ExecutiveChronicles | Can Depression Be Cured With Plant-Based Eating? | There’s a long list of reasons that any particular person might decide to begin a plant-based diet. Some may turn to fruits and vegetables for health reasons, while others feel strongly about animal rights and environmental causes. However, does mental health impact that decision? For some people, it may very well correlate—some studies suggest that a plant-based, vegetarian, or vegan diet can decrease symptoms of mental illness. Other research, though, shows a relationship between people following a plant-based diet and higher rates of depression. The question, then, is which one, if any, is correct? Does a plant-based lifestyle affect mental health and, if so, can it be used to cure depression or other mental illnesses?
In the past, one of the greatest psychological concerns someone would face with a plant-based lifestyle is the strain of finding food options and other items that aren’t derived from animals. Today, though, there’s no shortage of plant-based items available—resources like onlyplantbasedfoods.com ensure you can find everything from vegan mayo to plant-based proteins, letting you enjoy all your favorite dishes from your pre-plant-based days.
Plant-Based Diet Benefits
For many people, potential mental health benefits are an irrelevant factor in determining whether they should begin a plant-based lifestyle—instead, they turn to environmental motivations or perhaps physical health concerns. Nevertheless, there’s evidence that a plant-based diet may benefit mental health. For instance, some studies suggest that a plant-based vegan diet can help prevent or even reverse signs of depression. In part, this is largely because a person’s diet is often of a higher quality when they turn to plants. However, these same people will have the additional satisfaction of knowing they’re working to make the world a better place—a sure way to feel better despite mental illness.
Plant-Based Diet Detriments
Despite these benefits, some researchers have found evidence to the contrary—that more vegetarians than non-vegetarians suffer from depression symptoms. Often, a vegan or vegetarian will be in a group that’s already predisposed to depression—for example, women are more likely than men both to become a vegetarian and to suffer from depression or anxiety symptoms. Many plant-based eaters also face a sense of social isolation, with friends or family not understanding their loved one’s dietary or ethical needs. Additionally, a majority of vegetarians and others with a plant-based lifestyle are acutely aware of the cruelty humans inflict on animals and the environment more broadly, and often face vitamin deficiencies that can lead to further symptoms of mental illness.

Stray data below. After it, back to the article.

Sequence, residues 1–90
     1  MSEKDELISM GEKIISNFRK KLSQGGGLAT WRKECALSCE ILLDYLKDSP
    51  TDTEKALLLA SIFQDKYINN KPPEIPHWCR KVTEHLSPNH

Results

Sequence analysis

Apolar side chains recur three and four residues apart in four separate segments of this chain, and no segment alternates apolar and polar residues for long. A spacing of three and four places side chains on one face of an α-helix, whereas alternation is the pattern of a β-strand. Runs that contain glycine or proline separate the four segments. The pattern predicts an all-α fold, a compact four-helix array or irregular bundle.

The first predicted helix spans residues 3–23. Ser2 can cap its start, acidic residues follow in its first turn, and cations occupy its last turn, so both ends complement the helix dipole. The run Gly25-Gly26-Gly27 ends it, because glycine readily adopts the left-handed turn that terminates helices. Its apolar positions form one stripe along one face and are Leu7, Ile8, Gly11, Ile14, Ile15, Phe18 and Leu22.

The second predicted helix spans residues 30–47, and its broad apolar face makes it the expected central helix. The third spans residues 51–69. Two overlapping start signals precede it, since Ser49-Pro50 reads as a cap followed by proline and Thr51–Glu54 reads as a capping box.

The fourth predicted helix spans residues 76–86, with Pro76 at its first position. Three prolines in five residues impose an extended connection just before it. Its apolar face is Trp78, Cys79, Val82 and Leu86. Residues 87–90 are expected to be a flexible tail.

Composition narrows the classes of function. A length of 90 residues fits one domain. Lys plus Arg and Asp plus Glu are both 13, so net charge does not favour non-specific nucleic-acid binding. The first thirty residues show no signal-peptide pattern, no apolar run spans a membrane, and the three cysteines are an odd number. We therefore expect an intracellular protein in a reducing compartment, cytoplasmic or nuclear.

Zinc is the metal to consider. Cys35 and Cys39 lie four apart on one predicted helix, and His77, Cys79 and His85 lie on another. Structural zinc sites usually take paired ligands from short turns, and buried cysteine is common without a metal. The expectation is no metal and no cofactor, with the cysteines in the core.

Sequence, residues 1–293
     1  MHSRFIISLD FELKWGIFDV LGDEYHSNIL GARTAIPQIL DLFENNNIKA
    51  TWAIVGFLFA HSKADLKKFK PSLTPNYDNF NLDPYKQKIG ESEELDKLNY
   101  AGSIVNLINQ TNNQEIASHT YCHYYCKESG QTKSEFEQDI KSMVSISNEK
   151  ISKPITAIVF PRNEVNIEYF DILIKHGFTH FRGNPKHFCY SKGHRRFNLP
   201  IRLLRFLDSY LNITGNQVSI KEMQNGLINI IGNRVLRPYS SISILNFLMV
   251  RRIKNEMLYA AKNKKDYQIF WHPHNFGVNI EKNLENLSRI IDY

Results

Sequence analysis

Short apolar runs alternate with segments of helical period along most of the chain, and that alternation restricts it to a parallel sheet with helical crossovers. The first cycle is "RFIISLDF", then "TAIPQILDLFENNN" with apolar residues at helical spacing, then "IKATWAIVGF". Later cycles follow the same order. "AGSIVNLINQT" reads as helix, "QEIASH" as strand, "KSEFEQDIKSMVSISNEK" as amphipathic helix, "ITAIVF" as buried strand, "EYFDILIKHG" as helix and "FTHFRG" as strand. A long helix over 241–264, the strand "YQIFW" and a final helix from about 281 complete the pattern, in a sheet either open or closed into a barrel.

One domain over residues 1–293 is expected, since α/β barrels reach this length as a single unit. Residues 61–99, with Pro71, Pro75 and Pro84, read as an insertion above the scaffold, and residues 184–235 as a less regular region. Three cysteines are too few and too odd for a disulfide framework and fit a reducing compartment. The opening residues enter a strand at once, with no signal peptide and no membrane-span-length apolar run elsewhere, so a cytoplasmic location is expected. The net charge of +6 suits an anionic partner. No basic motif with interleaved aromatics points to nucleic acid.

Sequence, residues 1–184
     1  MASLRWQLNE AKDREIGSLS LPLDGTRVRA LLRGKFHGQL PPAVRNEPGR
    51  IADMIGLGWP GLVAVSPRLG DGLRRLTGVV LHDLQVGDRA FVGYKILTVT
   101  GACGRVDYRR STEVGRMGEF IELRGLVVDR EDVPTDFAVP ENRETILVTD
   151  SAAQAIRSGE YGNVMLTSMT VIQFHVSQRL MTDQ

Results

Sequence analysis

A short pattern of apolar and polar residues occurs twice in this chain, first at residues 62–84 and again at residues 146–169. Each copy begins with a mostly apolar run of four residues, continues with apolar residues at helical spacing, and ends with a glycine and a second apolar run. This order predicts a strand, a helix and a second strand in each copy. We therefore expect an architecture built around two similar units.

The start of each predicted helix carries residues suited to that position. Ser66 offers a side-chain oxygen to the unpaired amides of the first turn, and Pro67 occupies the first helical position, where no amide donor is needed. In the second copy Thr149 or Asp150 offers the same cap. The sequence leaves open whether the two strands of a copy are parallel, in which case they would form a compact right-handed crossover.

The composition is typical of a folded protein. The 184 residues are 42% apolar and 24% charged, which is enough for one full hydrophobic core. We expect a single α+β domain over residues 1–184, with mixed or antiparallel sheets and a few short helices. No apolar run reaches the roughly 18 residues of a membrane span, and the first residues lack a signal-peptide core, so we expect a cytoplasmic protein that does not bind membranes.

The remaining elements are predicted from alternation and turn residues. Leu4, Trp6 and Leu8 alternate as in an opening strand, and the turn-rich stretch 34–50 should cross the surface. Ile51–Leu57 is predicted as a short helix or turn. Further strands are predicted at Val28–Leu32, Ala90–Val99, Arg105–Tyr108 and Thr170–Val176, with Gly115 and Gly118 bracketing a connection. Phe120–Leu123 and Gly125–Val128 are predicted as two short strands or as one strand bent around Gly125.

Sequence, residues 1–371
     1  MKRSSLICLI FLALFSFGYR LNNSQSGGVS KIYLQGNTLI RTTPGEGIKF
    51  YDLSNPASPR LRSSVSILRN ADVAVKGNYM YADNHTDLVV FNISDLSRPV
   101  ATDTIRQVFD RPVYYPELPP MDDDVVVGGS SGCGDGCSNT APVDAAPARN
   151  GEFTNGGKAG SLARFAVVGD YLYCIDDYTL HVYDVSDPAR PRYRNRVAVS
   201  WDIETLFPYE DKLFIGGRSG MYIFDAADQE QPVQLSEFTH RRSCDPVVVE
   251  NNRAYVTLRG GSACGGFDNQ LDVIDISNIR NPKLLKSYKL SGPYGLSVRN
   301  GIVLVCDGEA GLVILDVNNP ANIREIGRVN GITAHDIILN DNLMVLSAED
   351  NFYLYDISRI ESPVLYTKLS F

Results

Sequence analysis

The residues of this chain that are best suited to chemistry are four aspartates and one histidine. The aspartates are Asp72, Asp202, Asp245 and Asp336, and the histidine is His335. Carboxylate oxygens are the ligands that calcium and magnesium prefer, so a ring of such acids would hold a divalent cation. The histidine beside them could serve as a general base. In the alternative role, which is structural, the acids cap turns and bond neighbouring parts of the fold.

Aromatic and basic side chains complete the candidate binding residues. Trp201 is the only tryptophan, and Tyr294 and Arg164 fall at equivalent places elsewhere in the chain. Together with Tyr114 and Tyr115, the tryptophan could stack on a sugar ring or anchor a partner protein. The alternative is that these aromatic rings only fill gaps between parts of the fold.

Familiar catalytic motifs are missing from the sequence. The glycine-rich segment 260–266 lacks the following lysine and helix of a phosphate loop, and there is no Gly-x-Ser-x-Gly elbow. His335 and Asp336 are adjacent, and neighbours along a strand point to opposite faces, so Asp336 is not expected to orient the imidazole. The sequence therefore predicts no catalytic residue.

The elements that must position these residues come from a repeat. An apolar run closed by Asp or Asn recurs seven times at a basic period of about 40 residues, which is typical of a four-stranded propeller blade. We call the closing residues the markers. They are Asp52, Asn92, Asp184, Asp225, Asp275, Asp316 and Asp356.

A Plant-Based Diet & Depression
Ultimately, the benefits or detriments of a plant-based diet for mental health will depend on your unique needs. If you’re struggling with depression, an anxiety disorder, panic attacks, PTSD, social anxiety disorder, obsessive-compulsive disorder, or other mental health concerns, turn to your favorite search engine in search of a “therapist near me for anxiety” (or whatever concerns you’re interested in focusing on). Your therapist, psychologist, or another mental health professional can help you determine whether your situation might be a good fit for a plant-based diet being part of your treatment plan.
The best therapist or another type of mental health provider will always be looking for new ways to help their patients find effective treatment. If you suspect that adding a plant-based diet to your daily life will ease your emotional distress, your psychologist will likely support you in that endeavor, as they would any healthy method for creating a better life. You might even be lucky enough to learn that your new therapist is plant-based themself!
Ultimately, experts have yet to come to a decisive conclusion as to whether a plant-based diet will benefit or harm those dealing with depression. Talk to your therapist to gain their insights and seek out plant-based versions of your favorite foods to set yourself up for success. A plant-based lifestyle won’t necessarily cure your depression, but it may very well help to ease your symptoms.